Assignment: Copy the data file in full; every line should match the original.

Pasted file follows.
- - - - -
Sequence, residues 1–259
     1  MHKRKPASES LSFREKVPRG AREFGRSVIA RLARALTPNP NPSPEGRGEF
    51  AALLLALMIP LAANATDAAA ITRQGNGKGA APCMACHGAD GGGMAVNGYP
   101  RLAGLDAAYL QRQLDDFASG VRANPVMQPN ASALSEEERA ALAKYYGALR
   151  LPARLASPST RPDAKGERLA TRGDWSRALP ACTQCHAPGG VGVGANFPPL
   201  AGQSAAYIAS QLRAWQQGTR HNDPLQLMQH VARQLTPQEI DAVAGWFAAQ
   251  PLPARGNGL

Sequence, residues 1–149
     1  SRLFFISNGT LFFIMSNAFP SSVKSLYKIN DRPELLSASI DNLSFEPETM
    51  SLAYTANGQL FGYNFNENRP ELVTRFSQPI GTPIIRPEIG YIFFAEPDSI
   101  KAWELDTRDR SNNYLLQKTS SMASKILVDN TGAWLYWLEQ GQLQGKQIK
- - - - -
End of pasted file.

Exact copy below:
Sequence, residues 1–259
     1  MHKRKPASES LSFREKVPRG AREFGRSVIA RLARALTPNP NPSPEGRGEF
    51  AALLLALMIP LAANATDAAA ITRQGNGKGA APCMACHGAD GGGMAVNGYP
   101  RLAGLDAAYL QRQLDDFASG VRANPVMQPN ASALSEEERA ALAKYYGALR
   151  LPARLASPST RPDAKGERLA TRGDWSRALP ACTQCHAPGG VGVGANFPPL
   201  AGQSAAYIAS QLRAWQQGTR HNDPLQLMQH VARQLTPQEI DAVAGWFAAQ
   251  PLPARGNGL

Sequence, residues 1–149
     1  SRLFFISNGT LFFIMSNAFP SSVKSLYKIN DRPELLSASI DNLSFEPETM
    51  SLAYTANGQL FGYNFNENRP ELVTRFSQPI GTPIIRPEIG YIFFAEPDSI
   101  KAWELDTRDR SNNYLLQKTS SMASKILVDN TGAWLYWLEQ GQLQGKQIK